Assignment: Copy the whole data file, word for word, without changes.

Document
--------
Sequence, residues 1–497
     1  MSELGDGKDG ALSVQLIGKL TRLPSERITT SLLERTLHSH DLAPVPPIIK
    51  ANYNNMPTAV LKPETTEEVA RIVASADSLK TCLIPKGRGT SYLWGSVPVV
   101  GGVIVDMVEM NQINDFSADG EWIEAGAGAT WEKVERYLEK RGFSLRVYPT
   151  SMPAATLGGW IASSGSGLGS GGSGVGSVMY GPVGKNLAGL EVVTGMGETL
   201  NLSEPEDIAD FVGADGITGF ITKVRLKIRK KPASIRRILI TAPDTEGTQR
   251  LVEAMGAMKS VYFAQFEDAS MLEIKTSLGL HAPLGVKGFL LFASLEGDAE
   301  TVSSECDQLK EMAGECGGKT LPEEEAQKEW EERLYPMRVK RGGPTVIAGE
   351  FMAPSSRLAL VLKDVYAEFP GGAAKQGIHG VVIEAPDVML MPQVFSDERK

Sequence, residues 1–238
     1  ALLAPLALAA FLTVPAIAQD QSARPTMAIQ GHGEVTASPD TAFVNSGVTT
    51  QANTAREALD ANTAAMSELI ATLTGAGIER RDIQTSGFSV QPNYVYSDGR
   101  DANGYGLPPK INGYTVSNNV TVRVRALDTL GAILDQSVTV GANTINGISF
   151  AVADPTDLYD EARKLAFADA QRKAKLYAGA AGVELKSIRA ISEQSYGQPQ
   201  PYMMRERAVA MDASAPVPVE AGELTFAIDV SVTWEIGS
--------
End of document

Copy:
Sequence, residues 1–497
     1  MSELGDGKDG ALSVQLIGKL TRLPSERITT SLLERTLHSH DLAPVPPIIK
    51  ANYNNMPTAV LKPETTEEVA RIVASADSLK TCLIPKGRGT SYLWGSVPVV
   101  GGVIVDMVEM NQINDFSADG EWIEAGAGAT WEKVERYLEK RGFSLRVYPT
   151  SMPAATLGGW IASSGSGLGS GGSGVGSVMY GPVGKNLAGL EVVTGMGETL
   201  NLSEPEDIAD FVGADGITGF ITKVRLKIRK KPASIRRILI TAPDTEGTQR
   251  LVEAMGAMKS VYFAQFEDAS MLEIKTSLGL HAPLGVKGFL LFASLEGDAE
   301  TVSSECDQLK EMAGECGGKT LPEEEAQKEW EERLYPMRVK RGGPTVIAGE
   351  FMAPSSRLAL VLKDVYAEFP GGAAKQGIHG VVIEAPDVML MPQVFSDERK

Sequence, residues 1–238
     1  ALLAPLALAA FLTVPAIAQD QSARPTMAIQ GHGEVTASPD TAFVNSGVTT
    51  QANTAREALD ANTAAMSELI ATLTGAGIER RDIQTSGFSV QPNYVYSDGR
   101  DANGYGLPPK INGYTVSNNV TVRVRALDTL GAILDQSVTV GANTINGISF
   151  AVADPTDLYD EARKLAFADA QRKAKLYAGA AGVELKSIRA ISEQSYGQPQ
   201  PYMMRERAVA MDASAPVPVE AGELTFAIDV SVTWEIGS